By John Kelly
Westminster is in thrall. Heads are about to roll all over the UK. Some MPs will never see the private rooms of the Houses of Parliament again. There are predictions that not alone will the Tories be hammered, but that Labor’s landslide will be even bigger than last time.
In Northern Ireland, they are talking about the four elections that are about to take place — yet again — as they do in every Westminster general election.
But in the south of the island, the attention is focussed elsewhere. The prospect of a terrible vista is beginning to dawn on the plain people of a big part of the island.
Could it be that having seemingly escaped the ravages of the foot-and-mouth disease that caused such havoc in the neighboring island, that we may soon face lawsuits that could go into millions, maybe even billions?
Could we shoot ourselves in the head without even knowing that the gun was loaded? And could that gun be the Moriarty Tribunal?
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Let me explain.
Denis O’Brien is a short, stocky early middle-aged young man. He rolls more than he walks. And he carries a very amiable smile.
He is also a little cockier than most people are. But then, that’s not surprising when you consider that he is one of the wealthiest men in Ireland, courtesy of the sale of his company, Esat Digifone.
You have to give him credit. The mobile telephone company, Ireland’s biggest, now employs more than 900 people. It was almost solely his own creation.
He conceived it. He planned it. And he made it successful, thanks to his initiative, his consummate belief in himself and the considerable aid extended by the Norwegian state-owned communications company, Telenor.
Most of all, Denis O’Brien took on the international telecommunications giants when he made his company bid for the second mobile phone license in Ireland. Against him were monsters like the giant multinational Motorola.
Of course, he had the support of Telenor, like him, a 40 percent shareholder in the parent company, Esat Telecom.
But he won the license on his own terms. There is no doubt about that. The consultants who advise governments after studying all of the proposals were unanimous about his ability to deliver.
So, the license was won — and then the trouble began.
The Fine Gael party, encouraged by its major fund-raiser, Michael Lowry, a TD from North Tipperary, held a dinner in the posh Manhattan 21 Club.
The party leader at the time, John Bruton, and all of the hierarchy were present. It was a rather small dinner. But then, it didn’t have to be large. The uggested contribution was $50,000.
Since Esat Digifone had got its mobile telephone license while Lowry held the position of minister for communications, some of the more eager party fund-raisers reckoned that the company might like to make a donation.
One of these was the David Austin, a Dublin businessman who has since died of cancer in France. Austin was a neighbor and friend of the O’Brien family. They lived in Blackrock and were members of the same swimming club. Through him, an invitation was sent to O’Brien to attend the Manhattan knees up.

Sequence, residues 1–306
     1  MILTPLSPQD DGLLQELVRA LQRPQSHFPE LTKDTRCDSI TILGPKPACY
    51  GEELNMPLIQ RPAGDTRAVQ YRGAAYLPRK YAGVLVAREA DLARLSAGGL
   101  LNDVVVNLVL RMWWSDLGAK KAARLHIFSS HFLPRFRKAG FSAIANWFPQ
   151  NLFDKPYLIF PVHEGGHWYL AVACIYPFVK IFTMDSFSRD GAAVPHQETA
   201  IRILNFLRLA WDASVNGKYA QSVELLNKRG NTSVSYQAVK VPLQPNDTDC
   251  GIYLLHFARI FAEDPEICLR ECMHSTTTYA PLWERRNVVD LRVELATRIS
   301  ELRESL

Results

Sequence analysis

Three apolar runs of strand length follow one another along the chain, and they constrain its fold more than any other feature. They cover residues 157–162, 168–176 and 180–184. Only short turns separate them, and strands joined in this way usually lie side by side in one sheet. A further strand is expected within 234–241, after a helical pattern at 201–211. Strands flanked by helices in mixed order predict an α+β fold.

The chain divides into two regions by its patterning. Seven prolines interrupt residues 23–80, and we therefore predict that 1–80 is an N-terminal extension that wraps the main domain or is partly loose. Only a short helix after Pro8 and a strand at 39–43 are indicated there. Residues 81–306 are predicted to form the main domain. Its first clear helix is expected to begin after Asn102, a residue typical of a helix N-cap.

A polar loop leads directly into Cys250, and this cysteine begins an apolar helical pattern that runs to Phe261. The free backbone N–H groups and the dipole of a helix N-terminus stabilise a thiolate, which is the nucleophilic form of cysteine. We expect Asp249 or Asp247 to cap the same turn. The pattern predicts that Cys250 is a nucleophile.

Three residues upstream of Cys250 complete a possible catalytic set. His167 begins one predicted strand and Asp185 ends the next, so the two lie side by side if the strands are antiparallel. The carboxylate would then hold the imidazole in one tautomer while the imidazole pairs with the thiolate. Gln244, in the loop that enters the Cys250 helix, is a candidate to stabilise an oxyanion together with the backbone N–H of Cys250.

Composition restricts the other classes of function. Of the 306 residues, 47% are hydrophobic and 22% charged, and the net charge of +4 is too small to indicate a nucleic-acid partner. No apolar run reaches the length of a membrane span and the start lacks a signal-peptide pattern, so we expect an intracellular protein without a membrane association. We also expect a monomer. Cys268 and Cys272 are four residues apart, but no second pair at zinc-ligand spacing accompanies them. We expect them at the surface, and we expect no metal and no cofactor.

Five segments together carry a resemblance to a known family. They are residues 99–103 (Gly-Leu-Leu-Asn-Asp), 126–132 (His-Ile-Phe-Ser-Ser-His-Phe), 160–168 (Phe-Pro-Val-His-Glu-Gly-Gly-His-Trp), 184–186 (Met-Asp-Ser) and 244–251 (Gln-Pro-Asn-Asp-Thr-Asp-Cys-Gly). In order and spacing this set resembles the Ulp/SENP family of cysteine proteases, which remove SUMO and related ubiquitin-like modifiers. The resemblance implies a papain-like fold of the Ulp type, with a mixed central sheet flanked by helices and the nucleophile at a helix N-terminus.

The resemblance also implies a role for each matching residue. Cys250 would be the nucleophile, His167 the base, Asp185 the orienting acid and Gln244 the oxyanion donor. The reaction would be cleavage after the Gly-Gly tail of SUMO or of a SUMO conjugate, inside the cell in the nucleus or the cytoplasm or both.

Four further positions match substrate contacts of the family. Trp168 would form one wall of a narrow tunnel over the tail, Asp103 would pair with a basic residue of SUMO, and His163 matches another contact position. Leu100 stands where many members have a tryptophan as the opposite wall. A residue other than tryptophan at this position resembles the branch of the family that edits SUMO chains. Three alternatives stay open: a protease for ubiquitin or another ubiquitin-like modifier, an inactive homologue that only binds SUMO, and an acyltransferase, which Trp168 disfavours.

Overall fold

But O’Brien was then touring the U.S., drumming up shareholders after Esat Digifone gained Nasdaq approval for a U.S. flotation. Also, he did not think it appropriate that he should attend such a dinner so soon after the same Fine Gael government had awarded his company the license.
He claims that he did not believe it was appropriate for his company to make a contribution either. Even if he did, his company was then so undercapitalized that $50,000 was just $50,000 too much.
He claims that he mentioned the matter to an executive at Telenor when they met in Oslo to discuss the appointment of a new executive in Esat Digifone.
The man he met, Arve Johansen, denies this and swears that O’Brien requested his company to make the payment to Fine Gael as a "good will gesture." He also says that he rejected the request out of hand. His company, in strait-laced Norway, just did not behave as the Irish apparently did.
But when O’Brien persisted, he relented somewhat and finally agreed Telenor would loan the $50,000 to Esat Digifone, which could then make the payment itself. However, it would have to be justified in the company books. And the only way that could be done was to list it as an invoice for consultancy work carried out by Austin.
That’s how such matters are solved in some high financial circles and that’s how it was solved — almost — in the case of Esat Digifone.
The money ended up in a tax-free offshore account, finally wending its way into the Fine Gael coffers, courtesy of Austin.
Everybody should have been happy, especially Lowry, who had other close business ties with O’Brien that we have yet to hear about. Indeed, the party prospered. Esat Digifone had its license.
Alas, however, when all of the major shareholders were about to get together to tie up the various loose ends in the new company, Telenor decided it would have to solve the matter of the missing $50,000. It wanted it returned and it also wanted to ensure that it had gone to Fine Gael.
The bomb has now exploded at the Moriarty Tribunal.
Its close trawl had unearthed the important business links between Lowry and O’Brien, and links between mutual friends of both who financed the former minister in various UK property deals.
There is now a distinct possibility that the tribunal will dig up some real dirt on the awarding of the license.
And if that happens, legal eagles from all over the world, particularly the U.S., could descend on the Celtic Tiger demanding their various pints of blood from the Irish government.
The more perceptive among the plain people of Ireland are now asking a valid question: Why should Irish politicians set up multimillion-pound tribunals to beat ourselves with?
They know, they just know with dreadful certainty, that it is the reliable, good oul’ taxpayers who will have to cough up again.